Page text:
Google Calendar supports exporting calendar data through a permanent HTTP URL containing iCalendar data, either at a public or "private" (hard to guess) address. This bears resemblance to the Webcal "protocol". Public calendars were searchable until February 2009.[citation needed] The data can be integrated with, among many others, Novell Evolution,[13] and Windows Calendar in Windows Vista (using the subscribe feature). The web link for the location of the calendar can be found in Google Calendar Settings in the Private Address section.

Google Calendar also supports CalDAV using iCal 3.x.[14] Google announced in March 2013 that CalDAV would be limited to "whitelisted" developers only, and other developers would be limited in the future to Google Calendar API.[15]

Consistency and reliability

As in other cloud computing applications, changes to Google Calendar are immediately visible to all users. This allows new features to be added without user action, but also makes it possible for new bugs to be rolled out to the entire user population, without users being able to refuse the update. On March 18, 2010, an update to add the Smart Rescheduler feature[16] caused problems such as automatic invitations to nonexistent users being generated for events that were edited in secondary calendars.[17] Despite negative user feedback, Google chose not to roll back the update, concentrating instead on providing a fix. According to user reports, the fix took effect five days later, on March 23, 2010.

Other criticisms

Many users of Google Calendar criticized the inability for time zones to be handled correctly in the application,[18][19][20][21] as well as Google's unwillingness to resolve the issue.[22] Until December 2010, there was no way to associate a time zone with the start/end times of a particular event. Because of this, users experienced problems when attempting to schedule events outside of their current time zone. In early December 2010, Google implemented a partial fix, allowing events to be associated with time zones, but it remained unable to display events each in their own time zone, like a travel itinerary does.[23]

Google Calendar does not support "tentative" dates and times for events,[24] which may cause synchronization problems with Microsoft Outlook.

When viewed on PC browsers such as Internet Explorer or Firefox, Google Calendar cannot show the contents of the 'Description' field without entering the 'Edit' page for that event. Even expanded Agenda view does not allow viewing of this field. This makes it impossible to know which items have had any 'Description' added to them short of clicking 'edit' for every single event one by one. Forums suggest hundreds of users have highlighted this failure for several years.[25]

Month view is designed to fit on a single printed page. The downside to this is that it lacks text wrapping to see the full appointment title. Many users have complained about this.[26] A workaround is to use another application to convert Google Calendar data to a format with full support for text wrapping.[27]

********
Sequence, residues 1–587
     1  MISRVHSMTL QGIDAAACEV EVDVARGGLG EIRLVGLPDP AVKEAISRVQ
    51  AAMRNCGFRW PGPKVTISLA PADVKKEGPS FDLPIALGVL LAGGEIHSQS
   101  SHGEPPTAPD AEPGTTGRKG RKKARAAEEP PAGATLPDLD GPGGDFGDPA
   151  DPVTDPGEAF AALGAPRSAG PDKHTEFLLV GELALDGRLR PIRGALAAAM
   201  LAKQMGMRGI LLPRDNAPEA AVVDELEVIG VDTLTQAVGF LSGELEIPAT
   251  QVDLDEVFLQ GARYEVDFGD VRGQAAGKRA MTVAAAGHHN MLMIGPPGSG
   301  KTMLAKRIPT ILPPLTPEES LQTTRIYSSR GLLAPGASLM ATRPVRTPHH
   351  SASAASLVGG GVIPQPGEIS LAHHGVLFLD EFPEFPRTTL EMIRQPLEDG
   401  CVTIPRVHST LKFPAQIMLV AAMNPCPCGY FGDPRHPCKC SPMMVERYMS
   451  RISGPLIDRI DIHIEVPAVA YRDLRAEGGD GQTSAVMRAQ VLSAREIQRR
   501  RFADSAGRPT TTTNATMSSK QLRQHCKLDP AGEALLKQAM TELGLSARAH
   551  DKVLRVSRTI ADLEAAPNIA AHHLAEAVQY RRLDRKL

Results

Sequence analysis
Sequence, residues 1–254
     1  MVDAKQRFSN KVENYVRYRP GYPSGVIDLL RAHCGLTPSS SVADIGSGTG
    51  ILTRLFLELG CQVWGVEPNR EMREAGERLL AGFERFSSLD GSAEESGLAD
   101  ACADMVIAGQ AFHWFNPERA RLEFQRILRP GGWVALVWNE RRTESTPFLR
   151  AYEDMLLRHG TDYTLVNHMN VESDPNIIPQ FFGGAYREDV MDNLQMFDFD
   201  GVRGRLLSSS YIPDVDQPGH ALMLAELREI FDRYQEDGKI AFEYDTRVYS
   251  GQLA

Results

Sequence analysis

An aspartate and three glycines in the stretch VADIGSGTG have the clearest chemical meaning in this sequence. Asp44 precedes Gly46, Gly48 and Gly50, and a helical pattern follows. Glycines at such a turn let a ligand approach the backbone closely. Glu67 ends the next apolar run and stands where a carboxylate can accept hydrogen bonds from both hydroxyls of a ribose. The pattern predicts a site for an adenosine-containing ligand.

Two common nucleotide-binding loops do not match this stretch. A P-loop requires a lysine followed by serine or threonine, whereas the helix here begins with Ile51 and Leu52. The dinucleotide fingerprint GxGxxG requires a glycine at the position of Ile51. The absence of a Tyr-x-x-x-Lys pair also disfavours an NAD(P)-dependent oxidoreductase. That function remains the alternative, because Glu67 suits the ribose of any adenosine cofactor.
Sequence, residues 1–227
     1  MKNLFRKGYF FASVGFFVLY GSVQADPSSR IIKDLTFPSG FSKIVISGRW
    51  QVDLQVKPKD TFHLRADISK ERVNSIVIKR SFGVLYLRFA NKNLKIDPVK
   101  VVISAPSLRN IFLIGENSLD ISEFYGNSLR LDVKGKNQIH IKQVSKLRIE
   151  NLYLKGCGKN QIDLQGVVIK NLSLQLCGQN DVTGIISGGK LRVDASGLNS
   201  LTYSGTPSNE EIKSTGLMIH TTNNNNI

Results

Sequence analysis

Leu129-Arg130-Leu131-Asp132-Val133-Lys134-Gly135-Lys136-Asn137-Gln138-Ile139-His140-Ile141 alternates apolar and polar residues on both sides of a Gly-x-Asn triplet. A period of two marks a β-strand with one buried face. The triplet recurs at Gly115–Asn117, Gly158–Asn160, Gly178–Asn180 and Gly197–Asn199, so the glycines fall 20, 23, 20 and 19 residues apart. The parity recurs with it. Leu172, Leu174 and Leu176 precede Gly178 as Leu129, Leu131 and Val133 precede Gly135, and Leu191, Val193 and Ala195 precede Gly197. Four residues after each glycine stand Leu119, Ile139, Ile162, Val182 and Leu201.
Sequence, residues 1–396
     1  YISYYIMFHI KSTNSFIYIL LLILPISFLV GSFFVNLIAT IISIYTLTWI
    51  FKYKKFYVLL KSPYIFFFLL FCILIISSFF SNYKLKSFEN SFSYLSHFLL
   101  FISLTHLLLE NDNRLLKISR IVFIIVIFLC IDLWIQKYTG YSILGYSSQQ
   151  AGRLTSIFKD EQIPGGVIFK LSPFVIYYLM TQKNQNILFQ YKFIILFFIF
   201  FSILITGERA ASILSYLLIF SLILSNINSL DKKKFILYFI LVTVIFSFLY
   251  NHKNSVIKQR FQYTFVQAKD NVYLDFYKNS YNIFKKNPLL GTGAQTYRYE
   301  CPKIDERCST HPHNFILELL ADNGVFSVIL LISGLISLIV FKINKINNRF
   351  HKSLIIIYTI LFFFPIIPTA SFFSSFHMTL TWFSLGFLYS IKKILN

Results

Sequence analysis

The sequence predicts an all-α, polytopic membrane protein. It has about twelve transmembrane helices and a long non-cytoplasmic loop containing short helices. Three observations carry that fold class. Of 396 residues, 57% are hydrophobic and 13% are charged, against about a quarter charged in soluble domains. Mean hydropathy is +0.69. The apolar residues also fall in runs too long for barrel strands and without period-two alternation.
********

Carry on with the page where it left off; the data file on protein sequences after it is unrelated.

See also


  1. ^ Neal Gafter explains how Google Calendar (written in Java) could use Closures Advanced Topics In Programming Languages: Closures For Java
  2. ^ Lenssen, Philipp. "Kevin Fox of Gmail & FriendFeed on User Experience Design - Google Blogoscoped". Retrieved 2009-05-29. 
  3. ^ Westfall, Jon. "Add Facebook Friend’s Birthdays to your Calendar Automatically". JonWestfall.Com. Retrieved 2012-08-02. 
  4. ^ [1][dead link]
  5. ^ "Google Sync for your phone". Retrieved 2012-08-02. 
  6. ^ Google Calendar for iPhone. It's about time. Google. March 10, 2015.
  7. ^ a b Google Calendar Gadget
  8. ^ Sandeep Shawn-Tripathy (September 8, 2012). "Say Goodbye To iGoogle". Retrieved April 26, 2014. 
  9. ^ Alan Eustace (September 2, 2011). "A fall spring-clean". Google. Retrieved April 26, 2014. 
  10. ^ "Official Gmail Blog: View Google Calendar offline". Retrieved 2012-08-02. 
  11. ^ "Official Gmail Blog: Tasks, now in Calendar too". Retrieved 2012-08-02. 
  12. ^ May 13, 2009 by Stan Schroeder 82 (2009-05-13). "Google Calendar Adds Tasks". Retrieved 2012-08-02. 
  13. ^ Google Calendar in Evolution
  14. ^ Google Calendar, CalDAV support using iCal.
  15. ^ [2], A Second Spring of Cleaning.
  16. ^ Smart rescheduler in Google Calendar Labs
  17. ^ Google Calendar help forum thread: Calendar prompting invites to guests when I don't want them.
  18. ^ Community-powered support for Google
  19. ^ Android Guys, Fix Google Calendar!
  20. ^ Washington Post, Google Calendar's time zone weakness
  21. ^ PC World: Is Google Calendar Timezone-Challenged?
  22. ^ Calendar Swap
  23. ^ Official Gmail Blog Event time zones in Google Calendar
  24. ^ "Google Discussiegroepen". Retrieved 2012-08-02. 
  25. ^!topic/calendar/630CnJQQj1Y
  26. ^ "Google Discussiegroepen". Retrieved 2012-08-02. 
  27. ^ "Google Discussiegroepen". Retrieved 2012-08-02. 

External links